How are you defining hypocrisy? That isn't at all clear and I think there is great confusion over that term in our society in general. It's just become another non-thinking buzzword like "tolerant." And then, depending on your definition, that may clear up the distinction b/t it and all moral failure.
As for the gay lens, I really don't get your point at all. I could imagine myself as all sorts of things while reading Scripture -- black, white, yellow, red, male, female, young, old, gay, or straight, but 1) it's pretty impossible to oneself in another's shoes to that extent, and 2) I don't really think it would change the words on the page. Are insinuating that the truths therein somehow change when read through a different lens? That seems to be bordering very precariously on the side of relativism.
Again, perhaps some more definition would alleviate these questions.


OMG, relativism. How awful! I realize you can't really put yourself in someone else's place; that's why I suggested Gomes or a friend.

Do the "truths" change? How do you define truth? Propositionally? Relationally? Experientially? It's certain that the truths changed regarding slavery. Just listen to sermons from the 19th century. Or segregation. Try sermons from the 1960's. Truths change based on experience.


I'm not sure if your tone is sarcastic there or not. Either way, you still haven't advanced a definition of hyprocrisy, so we're still left spinning our wheels as to what to make of your initial comments.

As to truths changing, you're not serious, are you? How in the world do past misconceptions mean that the truth has changed? Did the very same text mean one thing at one time and another at a different time?


I don't know why you want me to define hypocrisy. If you're so all fired up about it, offer a definition.

Truth is not this abstract thing that kind of sits in space until we discover it. It is the application of convictions that function as truth. For people 200 years ago, the text said the same thing as it does now. They simply chose to interpret it differently.


This is simply why you ought to define hypocrisy: you accused a man of engaging in it. Your accusation has no poignancy if you don't define what it is that you are accusing him of. If I accused you of "febbing," it would be a punchless accusation unless we each had a clear understanding of what "febbing" is. (In this case, it's a local meaningless colloquialism; I didn't just say something rude!)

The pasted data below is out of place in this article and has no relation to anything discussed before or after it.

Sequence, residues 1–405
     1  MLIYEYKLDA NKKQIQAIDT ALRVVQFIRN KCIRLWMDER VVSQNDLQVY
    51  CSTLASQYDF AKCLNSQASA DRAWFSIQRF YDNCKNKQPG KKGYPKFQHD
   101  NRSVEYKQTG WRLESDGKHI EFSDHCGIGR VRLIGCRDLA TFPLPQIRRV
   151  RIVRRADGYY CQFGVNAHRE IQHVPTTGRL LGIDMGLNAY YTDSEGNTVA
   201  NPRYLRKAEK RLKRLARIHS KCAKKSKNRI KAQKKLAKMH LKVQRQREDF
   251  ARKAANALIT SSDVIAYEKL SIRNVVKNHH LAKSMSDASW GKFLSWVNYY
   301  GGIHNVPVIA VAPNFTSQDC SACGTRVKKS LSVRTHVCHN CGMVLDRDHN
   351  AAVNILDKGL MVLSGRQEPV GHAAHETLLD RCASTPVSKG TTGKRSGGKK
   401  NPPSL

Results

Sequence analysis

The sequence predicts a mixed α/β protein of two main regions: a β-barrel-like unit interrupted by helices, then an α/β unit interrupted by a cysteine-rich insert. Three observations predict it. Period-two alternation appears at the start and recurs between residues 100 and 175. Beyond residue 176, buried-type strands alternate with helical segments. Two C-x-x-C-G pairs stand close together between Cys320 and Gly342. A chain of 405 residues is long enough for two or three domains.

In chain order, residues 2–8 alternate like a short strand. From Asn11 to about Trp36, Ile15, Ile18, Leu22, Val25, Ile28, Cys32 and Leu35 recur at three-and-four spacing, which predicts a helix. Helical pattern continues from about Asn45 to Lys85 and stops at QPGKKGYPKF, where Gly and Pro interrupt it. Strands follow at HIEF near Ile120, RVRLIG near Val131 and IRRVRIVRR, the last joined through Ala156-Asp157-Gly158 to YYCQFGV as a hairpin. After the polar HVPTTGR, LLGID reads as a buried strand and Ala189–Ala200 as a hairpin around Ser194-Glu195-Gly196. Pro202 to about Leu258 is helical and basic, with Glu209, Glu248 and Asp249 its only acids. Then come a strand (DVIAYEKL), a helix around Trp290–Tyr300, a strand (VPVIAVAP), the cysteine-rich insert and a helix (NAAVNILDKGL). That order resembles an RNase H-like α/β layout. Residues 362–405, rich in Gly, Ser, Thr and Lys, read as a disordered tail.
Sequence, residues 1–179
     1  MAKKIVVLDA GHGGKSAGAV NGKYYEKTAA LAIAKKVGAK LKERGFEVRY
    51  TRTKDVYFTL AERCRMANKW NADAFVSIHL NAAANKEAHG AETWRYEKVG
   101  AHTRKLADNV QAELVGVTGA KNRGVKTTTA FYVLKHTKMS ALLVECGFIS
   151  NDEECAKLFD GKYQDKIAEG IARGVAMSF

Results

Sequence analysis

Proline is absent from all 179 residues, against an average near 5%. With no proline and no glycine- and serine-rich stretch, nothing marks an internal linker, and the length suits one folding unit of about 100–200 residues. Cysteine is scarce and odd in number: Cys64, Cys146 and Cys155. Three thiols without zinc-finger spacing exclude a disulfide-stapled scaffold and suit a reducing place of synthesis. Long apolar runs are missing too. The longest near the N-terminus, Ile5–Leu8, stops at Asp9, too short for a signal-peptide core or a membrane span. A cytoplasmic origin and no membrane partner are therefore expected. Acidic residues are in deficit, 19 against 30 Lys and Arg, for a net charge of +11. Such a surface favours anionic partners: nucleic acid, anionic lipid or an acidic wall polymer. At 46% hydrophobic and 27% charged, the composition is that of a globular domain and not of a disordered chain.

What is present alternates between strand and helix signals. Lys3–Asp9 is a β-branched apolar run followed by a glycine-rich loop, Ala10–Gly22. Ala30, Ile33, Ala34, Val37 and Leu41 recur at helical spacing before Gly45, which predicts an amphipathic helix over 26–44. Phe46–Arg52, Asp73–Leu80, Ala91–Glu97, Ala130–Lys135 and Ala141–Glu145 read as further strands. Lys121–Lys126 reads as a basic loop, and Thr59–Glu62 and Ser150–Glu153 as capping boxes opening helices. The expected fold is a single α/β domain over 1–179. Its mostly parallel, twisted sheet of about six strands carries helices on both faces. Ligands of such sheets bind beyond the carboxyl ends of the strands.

You're not reading the post very well. I explained why I believe Haggard wasn't really acting in a way we normally define as hypocritical. The problem is that evangelical theology has reached a point that identity and behavior can be separated such that I can believe one thing, act in another way, and never play the hypocrite. Much of this has to do with poor atonement theology whereby my "soul" is secured by the justification provided by Jesus' blood (or some other annoying metaphor) and I am thereby robbed of any compelling reason to act morally so long as I believe it's genuinely wrong and feel bad enough to respent later.


Sorry, Greg, but it is not my poor readership; it is your muddled thinking. Perhaps if you wrote in language other than cliches, buzzwords, and strawman arguments you could produce something of worth. You called the man a hypocrite but have refused to define what you actually mean by that. You love love love to fall back on your oversimplified take on evangelical theology as indifferent to holy behavior -- a take which is foreign to my probably 95% of my experiences of interacting with evangelical circles. You imply that truth varies from interpretation to interpretation and from age to age.
What else is there to say? If you don't answer questions directly, don't stick to the topic, and don't believe in a transcendant truth, then there really isn't much hope for dialogue.



You're so right. Sorry to have been so wrong. I hope God still loves me.


I'm not sure why the onus should be on Greg to clarify an apparently unambiguous use of a word in this case. Haggard not only condemned homosexual behavior hyperpublicly, he actually worked to make official expressions of homosexual relationships illegal. Then, he participated in homosexual behavior, the very behavior he had condemned. This makes him a hypocrite by most common understandings of the word. Now there is room to argue about degree. For example, he might not be as much the hypocrite as someone who railed against homosexuality while believing it was 'ok' to practice it himself, but he's still a hypocrite. This is perhaps why teachers are warned of the higher standard they will face because 'preaching' against immorality one practices personally would constitute another layer of sin under which one is trapped.


The reason I feel the onus is on Greg is because... IT IS GREG'S POST! I'm not really sure why he is so loathe to clarify the comments that he originated.

Anyway, I appreciate you taking the time to at least spell out your position a bit and supply a working definition of the topic at hand. It seems that the reasoning you offer for his hypocrisy is the majority view, at least from what I've read and heard around the proverbial water cooler.